My relationship with McAfee products is a tortured one.
I first used the McAfee AntiVirus program years ago when I had an MS-DOS based computer. If you don't know what MS-DOS is, it's what your grandparents used. Okay, your parents. But you get the idea.
Back then, everyone used McAfee AntiVirus because it was considered free for standard users. It might have been. Perhaps it was shareware (which isn't free; don't let anyone tell you otherwise). Still, lots of people used it without cost. But it wasn't the low price (okay, no price) that attracted folks. It was the quality.
There were other anti-virus programs around. Norton made a good one. I also used IBM AntiVirus, Norton AntiVirus (my favorite), and Microsoft AntiVirus. But McAfee was the one everybody talked about.
When things developed where you had to pay for McAfee (or else pirate it, a practice of which I disapprove), my money went to Norton. I just liked it better. However, I always recognized that McAfee was a quality product in the field of virus protection. I just didn't like it.
Recently, when putting a clean install on a computer -- that is, using the installation process that comes with the computer -- it put McAfee products on the computer.
Now, I have a multiuser license for ZoneLabs ZoneAlarm Suite, which includes not only their industry-leading firewall, but their highly-rated anti-virus package. So, I had no need for McAfee (it's a 90-day trial anyway). I want to install the ZoneLabs Suite, since I'm paying for (actually, have already paid for) a license that expires in 201 days.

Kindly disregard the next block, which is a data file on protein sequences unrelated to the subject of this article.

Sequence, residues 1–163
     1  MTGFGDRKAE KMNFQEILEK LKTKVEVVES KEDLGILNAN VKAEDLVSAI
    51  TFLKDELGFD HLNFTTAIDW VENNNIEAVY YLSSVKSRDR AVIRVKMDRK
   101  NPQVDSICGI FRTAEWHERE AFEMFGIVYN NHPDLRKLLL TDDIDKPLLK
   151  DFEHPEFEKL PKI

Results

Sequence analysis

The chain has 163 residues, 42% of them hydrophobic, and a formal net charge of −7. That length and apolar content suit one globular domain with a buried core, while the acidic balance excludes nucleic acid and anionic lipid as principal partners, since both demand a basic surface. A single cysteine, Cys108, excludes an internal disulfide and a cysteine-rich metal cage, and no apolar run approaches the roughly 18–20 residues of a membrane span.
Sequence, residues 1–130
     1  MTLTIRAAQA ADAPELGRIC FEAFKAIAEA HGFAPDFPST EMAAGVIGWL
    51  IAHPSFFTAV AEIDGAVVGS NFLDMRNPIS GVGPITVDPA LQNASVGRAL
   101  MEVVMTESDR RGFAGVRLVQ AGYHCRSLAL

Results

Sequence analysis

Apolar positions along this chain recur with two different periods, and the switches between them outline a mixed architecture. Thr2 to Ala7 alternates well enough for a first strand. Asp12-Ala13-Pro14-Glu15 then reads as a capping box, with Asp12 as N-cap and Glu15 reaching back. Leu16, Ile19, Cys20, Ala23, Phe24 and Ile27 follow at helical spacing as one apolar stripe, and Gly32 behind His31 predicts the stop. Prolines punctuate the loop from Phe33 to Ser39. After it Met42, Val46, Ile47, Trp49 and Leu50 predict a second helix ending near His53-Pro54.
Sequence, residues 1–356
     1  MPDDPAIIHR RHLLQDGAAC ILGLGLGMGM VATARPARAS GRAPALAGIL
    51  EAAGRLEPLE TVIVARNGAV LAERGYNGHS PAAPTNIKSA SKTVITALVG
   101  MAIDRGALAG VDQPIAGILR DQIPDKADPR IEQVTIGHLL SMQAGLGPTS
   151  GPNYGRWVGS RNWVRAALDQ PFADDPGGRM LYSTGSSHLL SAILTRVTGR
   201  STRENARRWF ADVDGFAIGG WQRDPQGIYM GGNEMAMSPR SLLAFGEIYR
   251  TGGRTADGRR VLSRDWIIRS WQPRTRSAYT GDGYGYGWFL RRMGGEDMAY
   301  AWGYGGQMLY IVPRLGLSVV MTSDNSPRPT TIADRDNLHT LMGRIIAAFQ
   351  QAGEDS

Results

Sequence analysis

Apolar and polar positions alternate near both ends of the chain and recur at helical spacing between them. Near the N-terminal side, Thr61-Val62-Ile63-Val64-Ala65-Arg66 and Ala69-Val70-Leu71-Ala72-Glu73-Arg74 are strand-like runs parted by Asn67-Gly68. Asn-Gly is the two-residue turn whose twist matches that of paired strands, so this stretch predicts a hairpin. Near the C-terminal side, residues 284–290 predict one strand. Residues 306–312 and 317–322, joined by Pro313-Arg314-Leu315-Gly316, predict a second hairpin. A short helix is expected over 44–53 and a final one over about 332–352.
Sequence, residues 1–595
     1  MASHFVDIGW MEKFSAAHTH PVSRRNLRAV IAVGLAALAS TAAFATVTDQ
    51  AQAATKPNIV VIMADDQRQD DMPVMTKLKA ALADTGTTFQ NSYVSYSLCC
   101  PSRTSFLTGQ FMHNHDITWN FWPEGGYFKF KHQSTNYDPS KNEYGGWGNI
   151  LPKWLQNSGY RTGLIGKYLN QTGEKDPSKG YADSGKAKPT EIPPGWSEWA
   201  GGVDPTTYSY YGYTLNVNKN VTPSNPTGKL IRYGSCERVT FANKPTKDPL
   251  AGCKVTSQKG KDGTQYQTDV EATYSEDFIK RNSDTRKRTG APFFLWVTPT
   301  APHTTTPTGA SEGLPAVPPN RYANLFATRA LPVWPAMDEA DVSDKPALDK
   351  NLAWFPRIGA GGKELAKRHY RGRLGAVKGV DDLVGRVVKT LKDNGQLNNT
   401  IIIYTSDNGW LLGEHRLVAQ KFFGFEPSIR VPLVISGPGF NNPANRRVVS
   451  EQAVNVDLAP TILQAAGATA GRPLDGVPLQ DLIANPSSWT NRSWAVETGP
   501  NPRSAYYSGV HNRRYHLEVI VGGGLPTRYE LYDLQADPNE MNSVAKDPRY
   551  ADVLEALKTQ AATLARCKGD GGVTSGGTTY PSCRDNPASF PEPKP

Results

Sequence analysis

So, I called McAfee. What was I thinking?
The first lady I chatted with (chat is free, phone calls cost money) seemed to understand the issue and walk me through the steps. However, when I got to a certain point, the system froze and we were disconnected.
So, I went back to the site and tried again. This time, the fellow I got seemed to not understand what I was encountering. He was basically reading from a script. When my results deviated from the script, he was lost. For example, he expected me to have an icon in "Add/Remove Programs" ... and I didn't. Though I said I didn't, he said for me to highlight it. That kind of stuff.
Anyway, the service was poor.
True, I'm trying to remove their stuff, not install it. Still, you'd think they'd help someone get rid of it if they didn't want it. And, bless their hearts, I'm sure they tried.
But if this is their definition of customer service, perhaps I need to re-evaluate my opinion of their product.
You see, to me, the only products that install themselves and don't offer a way of removing themselves are ... viruses, spyware, and other malware.
Remember when Microsoft AntiVirus caused a stir when it recognized Microsoft Windows 95 as a virus? I do. And I wish ZoneLabs Suite would recognize McAfee products as a virus (or malware) and remove the darn thing.